The U.S.S. Atlantis series of high-power rockets have been my favorite large-scale rocketry projects of the last
couple of years. Yes, they fly! The original U.S.S. Atlantis was based on an old kit that Estes produced in the
late 1970's, the only difference being that my verson was much larger. Scaling up old fondly-remembered kits is
popular among high-power rocketeers, and I particularly liked the U.S.S. Atlantis as a subject since it had that
Star-Trek feel, and was a unique rocket--not the standard "three fins and a tube" configuration.
My original Atlantis flew four times before its premature demise due to an electronics problem (I have future plans
for building a duplicate of this model once again). At the time of it's "self-destruction," I already
had the second version under construction.
The second Atlantis model I designed to look like an updated version of the original, of the same basic design,
but with enough differences to make it look like the original ship had undergone a "refit." I am particularly
proud of this model, as it contains quite a bit more detail than the original, and has flown several times successfully.
The second Atlantis was designed to fly on J-K impulse Aerotech hybrid motors, and carries two sets of electronics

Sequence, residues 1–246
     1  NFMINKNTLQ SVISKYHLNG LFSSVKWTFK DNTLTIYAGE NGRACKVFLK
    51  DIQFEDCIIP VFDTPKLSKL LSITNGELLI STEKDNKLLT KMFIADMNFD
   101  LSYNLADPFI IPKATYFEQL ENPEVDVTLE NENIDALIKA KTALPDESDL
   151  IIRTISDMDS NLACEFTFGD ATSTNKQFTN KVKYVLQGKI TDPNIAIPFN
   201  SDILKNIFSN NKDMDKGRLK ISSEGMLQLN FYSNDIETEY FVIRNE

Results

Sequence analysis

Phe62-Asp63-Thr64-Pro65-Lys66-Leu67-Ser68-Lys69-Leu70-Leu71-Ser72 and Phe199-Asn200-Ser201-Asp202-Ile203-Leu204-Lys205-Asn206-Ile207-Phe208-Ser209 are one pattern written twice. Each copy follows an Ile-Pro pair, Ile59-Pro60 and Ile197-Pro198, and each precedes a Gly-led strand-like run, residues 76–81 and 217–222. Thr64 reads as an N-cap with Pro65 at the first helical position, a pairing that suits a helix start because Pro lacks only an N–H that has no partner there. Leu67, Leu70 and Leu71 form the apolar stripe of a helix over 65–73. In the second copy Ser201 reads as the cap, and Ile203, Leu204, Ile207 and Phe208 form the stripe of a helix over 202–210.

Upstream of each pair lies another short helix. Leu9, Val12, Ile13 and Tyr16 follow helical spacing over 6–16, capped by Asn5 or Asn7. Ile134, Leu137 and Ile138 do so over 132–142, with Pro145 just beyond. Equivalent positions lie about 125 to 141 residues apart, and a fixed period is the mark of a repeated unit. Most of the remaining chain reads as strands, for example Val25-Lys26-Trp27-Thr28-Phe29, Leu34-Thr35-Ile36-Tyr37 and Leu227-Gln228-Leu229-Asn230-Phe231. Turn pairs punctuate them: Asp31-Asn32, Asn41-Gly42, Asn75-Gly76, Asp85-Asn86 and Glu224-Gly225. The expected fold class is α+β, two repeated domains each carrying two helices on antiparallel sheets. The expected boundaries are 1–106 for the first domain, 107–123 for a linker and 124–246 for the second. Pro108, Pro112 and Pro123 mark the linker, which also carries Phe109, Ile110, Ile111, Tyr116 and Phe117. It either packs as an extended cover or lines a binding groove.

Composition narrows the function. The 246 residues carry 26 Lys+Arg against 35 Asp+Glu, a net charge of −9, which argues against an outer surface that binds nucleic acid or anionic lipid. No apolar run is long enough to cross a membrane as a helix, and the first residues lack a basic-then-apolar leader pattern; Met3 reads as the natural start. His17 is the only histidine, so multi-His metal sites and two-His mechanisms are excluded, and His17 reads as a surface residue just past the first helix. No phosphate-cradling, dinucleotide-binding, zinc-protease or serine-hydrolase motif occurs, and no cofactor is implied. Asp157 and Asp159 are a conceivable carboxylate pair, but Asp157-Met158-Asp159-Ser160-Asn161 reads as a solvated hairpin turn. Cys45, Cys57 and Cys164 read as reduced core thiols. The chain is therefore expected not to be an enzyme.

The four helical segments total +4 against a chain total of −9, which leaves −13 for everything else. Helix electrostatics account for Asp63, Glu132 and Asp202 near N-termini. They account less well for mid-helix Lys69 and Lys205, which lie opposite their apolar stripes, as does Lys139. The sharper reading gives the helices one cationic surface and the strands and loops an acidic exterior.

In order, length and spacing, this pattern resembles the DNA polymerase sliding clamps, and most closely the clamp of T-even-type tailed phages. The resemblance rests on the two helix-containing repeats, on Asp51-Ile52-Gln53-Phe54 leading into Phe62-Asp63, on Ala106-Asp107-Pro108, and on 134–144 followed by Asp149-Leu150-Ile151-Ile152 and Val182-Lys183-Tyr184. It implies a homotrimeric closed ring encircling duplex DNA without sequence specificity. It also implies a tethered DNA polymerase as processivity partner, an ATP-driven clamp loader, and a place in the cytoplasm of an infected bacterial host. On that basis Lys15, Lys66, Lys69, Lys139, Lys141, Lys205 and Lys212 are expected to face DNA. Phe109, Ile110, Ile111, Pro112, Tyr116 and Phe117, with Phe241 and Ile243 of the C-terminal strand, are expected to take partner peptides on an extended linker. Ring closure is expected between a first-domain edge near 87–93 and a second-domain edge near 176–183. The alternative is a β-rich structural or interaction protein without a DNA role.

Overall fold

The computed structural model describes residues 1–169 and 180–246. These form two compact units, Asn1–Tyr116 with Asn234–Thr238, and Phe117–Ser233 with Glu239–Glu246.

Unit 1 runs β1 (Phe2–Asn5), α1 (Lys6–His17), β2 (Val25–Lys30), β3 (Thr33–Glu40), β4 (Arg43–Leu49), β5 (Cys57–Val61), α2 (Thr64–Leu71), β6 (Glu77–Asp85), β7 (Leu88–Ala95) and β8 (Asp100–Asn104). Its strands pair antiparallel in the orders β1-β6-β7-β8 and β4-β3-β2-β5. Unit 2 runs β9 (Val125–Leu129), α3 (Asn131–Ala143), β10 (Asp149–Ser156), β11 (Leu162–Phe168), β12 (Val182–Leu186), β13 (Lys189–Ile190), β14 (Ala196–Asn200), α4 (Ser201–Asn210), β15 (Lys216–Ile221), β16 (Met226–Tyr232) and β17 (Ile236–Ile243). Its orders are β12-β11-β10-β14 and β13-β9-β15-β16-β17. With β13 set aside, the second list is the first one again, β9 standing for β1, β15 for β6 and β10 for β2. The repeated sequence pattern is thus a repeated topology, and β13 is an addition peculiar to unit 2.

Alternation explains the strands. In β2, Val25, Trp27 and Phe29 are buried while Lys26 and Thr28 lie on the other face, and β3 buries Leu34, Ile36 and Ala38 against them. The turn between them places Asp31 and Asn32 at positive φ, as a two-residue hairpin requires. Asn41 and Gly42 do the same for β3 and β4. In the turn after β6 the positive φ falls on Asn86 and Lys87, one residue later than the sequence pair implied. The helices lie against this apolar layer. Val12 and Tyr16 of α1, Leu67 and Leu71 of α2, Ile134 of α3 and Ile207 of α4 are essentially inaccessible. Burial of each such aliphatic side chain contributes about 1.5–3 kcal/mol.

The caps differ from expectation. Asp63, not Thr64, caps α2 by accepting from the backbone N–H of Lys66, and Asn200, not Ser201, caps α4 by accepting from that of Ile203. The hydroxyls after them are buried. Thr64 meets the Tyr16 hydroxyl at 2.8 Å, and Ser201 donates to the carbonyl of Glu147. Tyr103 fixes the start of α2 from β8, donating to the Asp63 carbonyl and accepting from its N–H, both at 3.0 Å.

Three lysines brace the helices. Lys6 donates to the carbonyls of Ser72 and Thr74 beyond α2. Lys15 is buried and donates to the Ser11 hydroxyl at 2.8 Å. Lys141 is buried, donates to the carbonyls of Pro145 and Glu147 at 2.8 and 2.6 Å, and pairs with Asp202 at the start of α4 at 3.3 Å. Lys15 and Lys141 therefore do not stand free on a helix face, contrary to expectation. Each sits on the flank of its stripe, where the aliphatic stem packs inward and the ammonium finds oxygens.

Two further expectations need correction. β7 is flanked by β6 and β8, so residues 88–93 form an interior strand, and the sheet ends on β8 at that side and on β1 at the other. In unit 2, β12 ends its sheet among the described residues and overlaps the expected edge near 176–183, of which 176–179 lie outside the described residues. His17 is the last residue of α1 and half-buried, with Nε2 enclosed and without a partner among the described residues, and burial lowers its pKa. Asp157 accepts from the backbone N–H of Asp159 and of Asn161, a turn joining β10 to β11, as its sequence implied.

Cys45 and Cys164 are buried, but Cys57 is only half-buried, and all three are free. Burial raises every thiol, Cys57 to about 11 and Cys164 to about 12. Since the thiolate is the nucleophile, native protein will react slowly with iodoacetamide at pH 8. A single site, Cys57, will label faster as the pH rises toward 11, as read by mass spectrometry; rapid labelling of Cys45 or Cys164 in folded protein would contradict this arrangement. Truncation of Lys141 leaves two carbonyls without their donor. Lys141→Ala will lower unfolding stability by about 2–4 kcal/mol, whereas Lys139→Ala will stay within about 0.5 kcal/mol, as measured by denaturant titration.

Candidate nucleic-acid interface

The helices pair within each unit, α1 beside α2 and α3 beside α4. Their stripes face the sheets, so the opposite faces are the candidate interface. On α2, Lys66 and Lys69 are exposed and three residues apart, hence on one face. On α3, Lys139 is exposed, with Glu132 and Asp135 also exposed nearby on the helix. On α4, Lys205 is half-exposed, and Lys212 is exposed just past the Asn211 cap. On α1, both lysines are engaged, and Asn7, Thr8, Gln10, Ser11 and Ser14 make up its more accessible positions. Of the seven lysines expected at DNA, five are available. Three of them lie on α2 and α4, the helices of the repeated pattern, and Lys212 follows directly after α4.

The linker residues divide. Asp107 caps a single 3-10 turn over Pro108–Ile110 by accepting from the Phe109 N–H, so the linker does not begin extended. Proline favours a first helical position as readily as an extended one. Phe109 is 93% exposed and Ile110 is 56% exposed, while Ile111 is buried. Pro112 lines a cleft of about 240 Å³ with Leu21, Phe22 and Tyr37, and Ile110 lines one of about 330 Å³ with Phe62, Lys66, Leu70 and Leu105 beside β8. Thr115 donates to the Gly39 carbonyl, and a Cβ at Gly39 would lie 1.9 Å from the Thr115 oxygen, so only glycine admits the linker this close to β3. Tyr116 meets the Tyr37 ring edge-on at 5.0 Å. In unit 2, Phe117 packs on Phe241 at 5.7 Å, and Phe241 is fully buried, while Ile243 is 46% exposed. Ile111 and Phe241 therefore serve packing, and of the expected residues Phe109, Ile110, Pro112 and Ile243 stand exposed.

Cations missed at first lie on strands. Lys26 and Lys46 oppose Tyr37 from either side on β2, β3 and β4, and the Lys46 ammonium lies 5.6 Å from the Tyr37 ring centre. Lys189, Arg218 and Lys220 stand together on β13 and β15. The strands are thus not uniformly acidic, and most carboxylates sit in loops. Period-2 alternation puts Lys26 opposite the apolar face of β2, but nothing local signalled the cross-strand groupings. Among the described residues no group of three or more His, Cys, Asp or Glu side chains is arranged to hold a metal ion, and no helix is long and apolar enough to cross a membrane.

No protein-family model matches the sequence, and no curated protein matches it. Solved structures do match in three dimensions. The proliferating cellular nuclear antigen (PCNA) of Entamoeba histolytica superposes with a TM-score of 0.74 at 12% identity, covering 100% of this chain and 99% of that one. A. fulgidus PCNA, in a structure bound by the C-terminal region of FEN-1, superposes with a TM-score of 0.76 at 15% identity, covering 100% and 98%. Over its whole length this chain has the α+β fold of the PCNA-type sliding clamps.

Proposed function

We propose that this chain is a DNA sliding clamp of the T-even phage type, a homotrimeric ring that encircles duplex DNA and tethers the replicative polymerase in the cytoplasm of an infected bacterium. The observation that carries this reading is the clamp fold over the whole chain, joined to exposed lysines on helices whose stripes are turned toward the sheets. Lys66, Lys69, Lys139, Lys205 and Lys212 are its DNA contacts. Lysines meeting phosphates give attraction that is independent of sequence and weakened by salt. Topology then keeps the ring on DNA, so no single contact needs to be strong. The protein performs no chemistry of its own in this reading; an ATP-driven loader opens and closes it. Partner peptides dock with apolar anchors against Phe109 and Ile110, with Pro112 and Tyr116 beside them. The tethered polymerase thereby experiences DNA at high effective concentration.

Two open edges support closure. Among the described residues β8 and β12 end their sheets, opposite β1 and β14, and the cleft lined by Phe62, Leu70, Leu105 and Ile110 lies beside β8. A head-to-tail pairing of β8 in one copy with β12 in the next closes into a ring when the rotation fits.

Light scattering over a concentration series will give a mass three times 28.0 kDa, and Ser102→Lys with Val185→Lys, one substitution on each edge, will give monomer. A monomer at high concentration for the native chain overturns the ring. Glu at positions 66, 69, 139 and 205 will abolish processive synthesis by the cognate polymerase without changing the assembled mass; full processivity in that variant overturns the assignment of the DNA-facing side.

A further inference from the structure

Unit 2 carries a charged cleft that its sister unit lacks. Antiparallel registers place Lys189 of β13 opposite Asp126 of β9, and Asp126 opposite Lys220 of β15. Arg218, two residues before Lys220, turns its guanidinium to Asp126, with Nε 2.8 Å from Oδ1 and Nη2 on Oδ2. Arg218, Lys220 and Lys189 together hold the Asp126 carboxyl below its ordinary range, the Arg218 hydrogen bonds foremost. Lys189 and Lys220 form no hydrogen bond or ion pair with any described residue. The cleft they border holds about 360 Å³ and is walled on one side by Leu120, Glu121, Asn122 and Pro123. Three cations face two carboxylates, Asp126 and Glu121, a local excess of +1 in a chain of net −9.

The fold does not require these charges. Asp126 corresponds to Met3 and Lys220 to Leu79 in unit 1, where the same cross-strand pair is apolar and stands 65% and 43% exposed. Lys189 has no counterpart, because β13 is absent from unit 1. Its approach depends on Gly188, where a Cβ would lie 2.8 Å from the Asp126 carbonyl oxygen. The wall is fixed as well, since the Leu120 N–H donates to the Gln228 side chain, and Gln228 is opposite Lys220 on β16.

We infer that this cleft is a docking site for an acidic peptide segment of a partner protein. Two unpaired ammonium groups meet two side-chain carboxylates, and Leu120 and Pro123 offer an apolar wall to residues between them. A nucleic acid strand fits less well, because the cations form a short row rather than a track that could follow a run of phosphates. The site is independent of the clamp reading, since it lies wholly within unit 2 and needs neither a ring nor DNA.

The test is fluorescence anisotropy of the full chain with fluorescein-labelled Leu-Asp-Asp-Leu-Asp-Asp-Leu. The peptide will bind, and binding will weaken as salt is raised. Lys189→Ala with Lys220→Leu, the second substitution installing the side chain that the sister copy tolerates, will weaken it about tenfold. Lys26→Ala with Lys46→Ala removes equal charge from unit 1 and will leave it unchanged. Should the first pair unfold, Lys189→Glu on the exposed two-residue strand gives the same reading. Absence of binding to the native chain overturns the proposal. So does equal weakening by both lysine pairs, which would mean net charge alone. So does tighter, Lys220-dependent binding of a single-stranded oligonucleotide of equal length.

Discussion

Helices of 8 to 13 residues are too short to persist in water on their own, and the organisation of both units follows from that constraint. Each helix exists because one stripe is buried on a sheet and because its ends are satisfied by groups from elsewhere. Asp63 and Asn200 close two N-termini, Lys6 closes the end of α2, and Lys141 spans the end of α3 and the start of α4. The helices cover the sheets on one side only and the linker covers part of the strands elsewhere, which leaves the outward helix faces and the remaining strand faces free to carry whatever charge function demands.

for recovery, one to serve as backup for the other. I look forward to flying this model again once the new flying
season rolls around. The U.S.S. Atlantis models have been crowd pleasers, having each won a people's choice award
at the yearly Midwest Regional Fun-Fly, a popular two-day rocketry event that in 1996 flew close to 1000 rockets!
For more information about the original U.S.S. Atlantis, and complete details of it's construction, refer to the
November 1995 back issue of High Power Rocketry "The Flight of the U.S.S. Atlantis," where I describe
my work on the model. A second article on the latest Atlantis model is in the works...
Left: The original Atlantis cought just at the moment of ignition by Norman Heyen's camera. This photo was
taken just before her first flight on an Aerotech reloadable I-284.
Right: The fire and smoke of another I-284 propel Atlantis to it's third sucessful flight at NIRA's Eat
Cheese or Fly '95. This Norman Heyen Photo also appeared on page 3 of the November-December 1996 issue of Sport
Read more about the first USS Atlantis in High Power Rocketry, November 1995, The Flight of The USS Atlantis.
the page for more U.S.S. Atlantis info ond photos!
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